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HiIt's high time I sorted myself out. I've been suffering from various IBS symptoms for about 10 years, on and off. Crunch time was on Xmas day when I couldn't eat dinner until 9pm as I had heartburn all day.Anyways, I was just wondering if anyone has an opinion on what's better - peppermint capsules(I bought enteric coated peppermint oil capsules -Holland & Barrat-UK), or acidophilus (again H&
, or can I combine both?And for how long?Current symptoms are : - needing to go to the toilet urgently about an hour after eating - sometimes it's just wind, sometimes not. Other symptoms are occasional rumbling stomach, heartburn, and nausea (which I relieve by squeezing pulse on wrist), occasional stomach cramps.My worst habit is taking either capsule for a number of days, then completely forgetting to take them, so the symptoms go and come back. My new year resolution is to try and sort this once and for all.Thanks a lot.Wish all a happy & healthy 2004!p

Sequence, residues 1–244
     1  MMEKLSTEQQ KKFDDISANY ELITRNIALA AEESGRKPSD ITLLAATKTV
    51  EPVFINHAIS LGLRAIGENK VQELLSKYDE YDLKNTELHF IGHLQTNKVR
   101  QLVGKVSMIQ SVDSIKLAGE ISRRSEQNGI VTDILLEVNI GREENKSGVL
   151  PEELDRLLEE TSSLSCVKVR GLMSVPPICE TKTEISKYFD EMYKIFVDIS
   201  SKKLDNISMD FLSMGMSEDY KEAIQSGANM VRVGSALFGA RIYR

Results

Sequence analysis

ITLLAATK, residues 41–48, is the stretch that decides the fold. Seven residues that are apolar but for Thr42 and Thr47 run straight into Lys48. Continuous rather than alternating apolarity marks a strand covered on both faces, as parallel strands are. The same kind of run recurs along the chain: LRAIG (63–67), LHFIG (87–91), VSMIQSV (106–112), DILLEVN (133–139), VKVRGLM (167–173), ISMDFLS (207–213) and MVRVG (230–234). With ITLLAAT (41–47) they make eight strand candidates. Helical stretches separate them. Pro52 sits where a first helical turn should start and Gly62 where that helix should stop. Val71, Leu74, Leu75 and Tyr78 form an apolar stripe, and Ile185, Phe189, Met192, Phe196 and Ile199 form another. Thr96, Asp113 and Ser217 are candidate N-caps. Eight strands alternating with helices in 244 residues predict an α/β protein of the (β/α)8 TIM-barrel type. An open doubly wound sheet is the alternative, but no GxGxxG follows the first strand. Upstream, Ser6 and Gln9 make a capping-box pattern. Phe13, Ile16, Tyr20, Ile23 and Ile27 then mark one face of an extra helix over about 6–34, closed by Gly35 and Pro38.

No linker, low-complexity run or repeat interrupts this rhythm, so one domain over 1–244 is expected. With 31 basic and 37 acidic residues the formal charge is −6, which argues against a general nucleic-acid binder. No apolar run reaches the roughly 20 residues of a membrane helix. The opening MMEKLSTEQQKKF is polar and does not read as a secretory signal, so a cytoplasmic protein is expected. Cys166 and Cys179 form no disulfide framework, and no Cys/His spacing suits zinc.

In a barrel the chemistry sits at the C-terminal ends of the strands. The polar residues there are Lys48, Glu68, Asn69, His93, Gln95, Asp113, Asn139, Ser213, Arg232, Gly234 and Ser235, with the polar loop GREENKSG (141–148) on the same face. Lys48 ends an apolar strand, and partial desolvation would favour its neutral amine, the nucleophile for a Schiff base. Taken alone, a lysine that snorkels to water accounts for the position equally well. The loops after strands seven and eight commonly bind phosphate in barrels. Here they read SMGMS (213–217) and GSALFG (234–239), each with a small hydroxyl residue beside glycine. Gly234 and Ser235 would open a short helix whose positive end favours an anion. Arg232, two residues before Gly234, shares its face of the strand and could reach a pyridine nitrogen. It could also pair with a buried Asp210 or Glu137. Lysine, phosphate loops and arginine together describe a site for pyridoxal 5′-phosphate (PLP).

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Both of these are very different. The peppermint is an antispasmatic, and you might not want to take it if you have heartburn, or at least enteric coated ones.The other a probiotic or good gut bacteria, which is benefical in general and may help with bloating and pain.The peppermint also has some antibacterial properties.You would have to experiment on them to see if they helped or not and I would try each one, one at a time for a couple weeks to a month to see how you do.There are also other probiotics you could try, different strains."Probiotic Strategies Probiotic bacteria compete with pathogenic bacteria and also have anti-inflammatory effects on gut mucosa. For this reason, there has been increasing interest regarding the potential role of probiotics in IBS. Lactobacillus plantarum has been shown to reduce flatulence and abdominal pain but not bloating in IBS. 15 Quigley and colleagues 16 studied 77 patients with IBS who were randomized to receive either Lactobacillus spp or Bifidobacterium spp, added to a milk drink, for 8 weeks; the control group received the milk drink alone. Subjects who received Bifidobacterium had a significant improvement in pain, bloating, and stools. However, any benefit of Lactobacillus was limited to improvement in pain at only the second and seventh weeks. Hence, probiotic strain specificity may be important in determining the outcome in IBS. Probiotics represent a promising, safe therapeutic class in this clinical setting." http://www.medscape.com/viewarticle/434526 "ProbioticsProbiotics are gaining increasing attention as potential therapies for IBS. 28 Uncontrolled studies have been encouraging, as evidenced by presentations during this year's scientific sessions. Positive results were reported by Bazzocchi and coworkers 29 in an open, uncontrolled trial. Similarly, in a retrospective study, Faber 30 reported significant improvement in symptoms and quality of life from baseline with probiotic therapy. However, Kim and colleagues 31 conducted a randomized, double-blind, placebo-controlled trial and found more sobering and likely more accurate results. They found no overall symptomatic improvement associated with the probiotic they administered although bloating did improve, and they also found no change in colonic transit. Only high-quality randomized controlled trials will address the issue of whether probiotics have a place in the treatment of IBS. Furthermore, any benefit will need a mechanistic explanation, which at present is lacking." http://www.medscape.com/viewarticle/444514
 
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